The Weyl field $\psi^{A}$ with $A=1,2$ is an irrep of SL(2,C) which is the double cover of the Lorentz group SO(1,3). The relation between a contravariant 4-vector $x^{\mu}$ (transforming under SO(1,3)) and a Hermitian matrix $X^{\dot{A}}_{\ B}$ (transforming under SL(2,C)) is, $X^{\dot{A}}_{\ B}=[\sigma_{\mu}]^{\dot{A}}_{\ B}x^{\mu}$ where Van der Waerden dotted spinor notation is being used and the $[\sigma_{\mu}]^{\dot{A}}_{\ B}$ are the Pauli matrices. In order to construct an action for the Weyl field, we need a momentum operator. Since the 4-momentum operator is $\hat{p}_{\mu}=i\partial/\partial x^{\mu}$, the $SL(2,C)$ momentum operator must be, $\hat{p}^{\dot{A}}_{\ B}=[\sigma_{\mu}]^{\dot{A}}_{\ B}\eta^{\mu\lambda}i\frac{\partial}{\partial x^{\lambda}}$. The obvious $SL(2,C)$ invariant action is now $S=\int d^{4}x\ \psi^{*}_{\ \dot{A}}\hat{p}^{\dot{A}}_{\ B}\psi^{B}$. I think the first action in the question fails because it does not incorporate a SL(2,C) momentum operator. In order to show that the correct action leads to a positive energy ground state, we bring in the canonically conjugate momentum field $\pi_{A}=\psi^{*}_{\dot{B}}i[\sigma_{0}]^{\dot{B}}_{\ A}$. The Hamiltonian is now $H=\int d^{3}x\ \pi_{C}[\sigma_{0}^{-1}\sigma_{r}]^{C}_{\ B}\partial\psi^{B}/\partial x^{r}$ where lower case Latin indices $r=1,2,3$. The E-L or Hamiltonian EoM is $\hat{p}^{\dot{A}}_{\ B}\psi^{B}=0$. The plane wave solutions are constructed using the ansatz $\psi^{A}(x^{\mu})=\psi^{A}(p^{r})\exp(-ip_{\mu}x^{\mu})$ where the momentum of the wave is $p_{\mu}=(p^{0},-p^{r})$. The EoM implies $\psi^{1}=(p^{1}-ip^{2})c$ and $\psi^{2}=-(p^{0}+p^{3})c$ where $c$ is an arbitrary complex number and also there is a dispersion relation $p^{0}=\pm\sqrt{p^{r}p^{r}}$. The plane wave solutions are eigenstates of the helicity operator $[\sigma_{r}]^{\dot{A}}_{\ B}\hat{p}^{r}/(2|\hat{p}|)$ with helicity eigenvalues $\lambda=\pm1/2$. Let $\omega=+\sqrt{p^{r}p^{r}}$ be the positive frequency. The helicity eigenstates are, \begin{equation} \psi^{A}_{\lambda=-1/2}=c \left[ \begin{array}{c} (p^{1}-ip^{2})\\ -(\omega+p^{3}) \end{array} \right]\exp(-i(\omega t-p^{r}x^{r})); \ \psi^{A}_{\lambda=+1/2}=c \left[ \begin{array}{c} (p^{1}-ip^{2})\\ (\omega-p^{3}) \end{array} \right]\exp(i(\omega t+p^{r}x^{r})) \end{equation} The most general Weyl field is an integral over 3-momentum of these helicity eigenstates. The general Weyl field can be put into the form, \begin{equation} \psi^{A}(x^{\mu})=\int\ \frac{d^{3}p}{(2\pi)^{3/2}}\left\{c_{\lambda=-1/2}(p)\psi^{A}(p)\exp(-ip_{\mu}x^{\mu})-c_{\lambda=+1/2}(-p)\psi^{A}(p)\exp(ip_{\mu}x^{\mu})\right\}|_{p^{0}=\omega} \end{equation} where $\psi^{1}(p)=p^{1}-ip^{2}$ and $\psi^{2}(p)=-(p^{0}+p^{3})$. We substitute this expression for the Weyl field into the Hamiltonian and obtain, \begin{equation} H=\int\ d^{3}p\ 2(p^{0})^{2}(p^{0}+p^{3})\left\{c^{*}_{-1/2}(p)c_{-1/2}(p)-c^{*}_{1/2}(-p)c_{1/2}(-p)\right\}|_{p^{0}=\omega} \end{equation} In order to get this result it was necessary to use the two spin sums, \begin{equation} \psi^{*}_{\dot{A}}(p)p^{r}[\sigma_{r}]^{\dot{A}}_{\ B}\psi^{B}(p)=-2(p^{0})^{2}(p^{0}+p^{3});\ \psi^{*}_{\dot{A}}(-p)p^{r}[\sigma_{r}]^{\dot{A}}_{\ B}\psi^{B}(p)=0 \end{equation} The next step is to quantize the Weyl field. The coefficients $c_{\lambda}(p)$ must be promoted to operators $\hat{c}_{\lambda}(p)$ because emission and absorption operators do not carry spinor indices; they only carry the labels of the single particle states $|p,\lambda\rangle$. We take the FT of the classical field $\psi^{A}(x^{\mu})$ and, using the spin sums, get coefficients $c_{1/2}(p)\exp(i\omega t)$ and $c_{-1/2}(p)\exp(-i\omega t)$ as spatial integrals of the Wey field $\psi^{A}(x^{\mu})$. These formulae are omitted. Now, in the classical Hamiltonian field theory, we have the fundamental Poisson Brackets (PBs) $[\psi^{A}(t,x^{r}),\pi_{B}(t,x'^{r})]_{PB}=\delta^{A}_{B}\delta^{3}(x^{r}-x'^{r})$ etc. Using the expressions for the $c_{\lambda}(p)$ in terms of spatial integrals of $\psi^{a}(t,x^{r})$, a laborious calculation gives the PBs of the $c_{\lambda}(p)$. The two non-zero ones are, \begin{equation} [c_{-1/2}(p)\exp(-i\omega t),c^{*}_{-1/2}(p')\exp(i\omega't)]_{PB}=\frac{-i\delta^{3}(p-p')}{2\omega(\omega+p^{3})}\\ [c_{+1/2}(p)\exp(i\omega t),c^{*}_{+1/2}(p')\exp(-i\omega't)]_{PB}=\frac{-i\delta^{3}(p-p')}{2\omega(\omega-p^{3})} \end{equation} In order to express the coefficients in terms of emission and absorption operators $\hat{\eta}$ and $\hat{\eta}^{\dagger}$ respectively, we'll use the Lorentz invariant (Haar) measure in the resolution of unity for the single particle states. \begin{equation} \sum_{\lambda}\int\ \frac{d^{3}p}{2p^{0}}|p,\lambda\rangle\langle p,\lambda|=1 \end{equation} The commutators or anti-commutators for the emission and absorption operators are now, \begin{equation} [\hat{\eta}^{\dagger}_{p',\lambda '},\hat{\eta}_{p,\lambda}]_{\pm}=\langle p',\lambda '|p,\lambda\rangle=2p^{0}\delta_{\lambda,\lambda'}\delta^{3}(p-p') \end{equation} If we now promote the PBs for the coefficients to commutators or anticommutators according to Dirac's quantization rule, we can infer that the relations between the coefficients and the emission and absorption operators must be, \begin{equation} \eta_{p,-1/2}=c^{*}_{-1/2}(p)\exp(i\omega t)(\omega+p^{3})^{1/2}(2\omega)\\ \eta_{p,+1/2}=c^{*}_{+1/2}(p)\exp(-i\omega t)(\omega-p^{3})^{1/2}(2\omega) \end{equation} Upon substituting for the coefficients, the Hamiltonian for the quantized Weyl field is, \begin{equation} \hat{H}=(1/2)\int\ d^{3}p(\hat{\eta}_{p,-1/2}\hat{\eta}^{\dagger}_{p,-1/2}-\hat{\eta}_{-p,1/2}\hat{\eta}^{\dagger}_{-p,1/2}) \end{equation} Let's assume that the emission and absorption operators obey the commutation rule. The single particle state $\hat{\eta}_{p',1/2}|0\rangle$ is an eigenstate of the Hamiltonian with eigenvalue $-\omega'$. The minus sign in the Hamiltonian means that multiparticle states with helicity 1/2 have negative energy and so the vacuum is unstable. The fix is to assume that the emission and absorption operators obey the anticommutator rule. This removes the minus sign but brings in an infinite constant energy which is ignored. The resulting normally ordered Hamiltonian is, \begin{equation} \hat{H}=(1/2)\int\ d^{3}p(\hat{\eta}_{p,-1/2}\hat{\eta}^{\dagger}_{p,-1/2}+\hat{\eta}^{\dagger}_{-p,1/2}\hat{\eta}_{-p,1/2})-\infty \end{equation} This has positive eigenvalues so the vacuum is stable.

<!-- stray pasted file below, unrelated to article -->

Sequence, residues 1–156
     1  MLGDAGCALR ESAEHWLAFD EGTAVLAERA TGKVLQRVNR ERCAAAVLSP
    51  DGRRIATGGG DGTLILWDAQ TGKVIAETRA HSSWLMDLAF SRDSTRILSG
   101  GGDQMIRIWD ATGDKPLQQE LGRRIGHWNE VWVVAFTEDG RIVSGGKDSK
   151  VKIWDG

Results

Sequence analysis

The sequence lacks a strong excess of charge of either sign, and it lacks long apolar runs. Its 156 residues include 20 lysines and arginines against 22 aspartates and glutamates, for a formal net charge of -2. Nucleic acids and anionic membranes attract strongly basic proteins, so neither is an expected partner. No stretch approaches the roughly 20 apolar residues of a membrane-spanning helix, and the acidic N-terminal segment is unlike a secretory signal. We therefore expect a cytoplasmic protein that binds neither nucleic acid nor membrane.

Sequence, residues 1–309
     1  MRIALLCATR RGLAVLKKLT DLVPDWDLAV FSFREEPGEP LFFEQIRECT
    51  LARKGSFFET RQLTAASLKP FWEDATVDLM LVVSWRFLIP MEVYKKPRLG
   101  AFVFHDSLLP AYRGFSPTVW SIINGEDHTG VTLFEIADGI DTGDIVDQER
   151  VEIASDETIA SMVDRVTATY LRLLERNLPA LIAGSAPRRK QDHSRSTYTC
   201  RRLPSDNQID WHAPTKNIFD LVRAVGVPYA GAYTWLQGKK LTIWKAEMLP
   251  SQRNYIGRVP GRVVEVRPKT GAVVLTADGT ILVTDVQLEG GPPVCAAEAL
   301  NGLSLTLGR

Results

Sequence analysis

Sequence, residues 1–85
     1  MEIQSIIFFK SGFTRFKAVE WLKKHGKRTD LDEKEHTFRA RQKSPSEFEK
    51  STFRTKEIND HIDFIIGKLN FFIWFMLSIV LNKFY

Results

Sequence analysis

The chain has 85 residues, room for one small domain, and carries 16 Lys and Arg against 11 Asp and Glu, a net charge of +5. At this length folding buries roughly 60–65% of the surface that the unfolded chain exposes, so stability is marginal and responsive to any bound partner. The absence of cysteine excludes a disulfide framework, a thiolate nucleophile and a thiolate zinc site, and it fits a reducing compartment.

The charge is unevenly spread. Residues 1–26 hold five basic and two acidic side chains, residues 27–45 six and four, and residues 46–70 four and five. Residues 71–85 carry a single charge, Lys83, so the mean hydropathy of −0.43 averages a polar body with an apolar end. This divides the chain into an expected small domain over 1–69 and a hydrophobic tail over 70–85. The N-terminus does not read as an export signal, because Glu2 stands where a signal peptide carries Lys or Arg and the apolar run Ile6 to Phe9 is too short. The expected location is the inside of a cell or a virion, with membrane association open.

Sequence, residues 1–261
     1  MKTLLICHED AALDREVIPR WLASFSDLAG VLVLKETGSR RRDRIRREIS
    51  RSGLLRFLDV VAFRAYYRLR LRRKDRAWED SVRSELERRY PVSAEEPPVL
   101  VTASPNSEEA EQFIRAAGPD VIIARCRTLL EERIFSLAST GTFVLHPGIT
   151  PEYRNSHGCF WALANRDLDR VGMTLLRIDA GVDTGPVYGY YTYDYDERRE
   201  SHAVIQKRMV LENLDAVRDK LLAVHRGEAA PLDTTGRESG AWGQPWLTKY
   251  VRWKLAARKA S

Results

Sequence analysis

Edit : Why the first action fails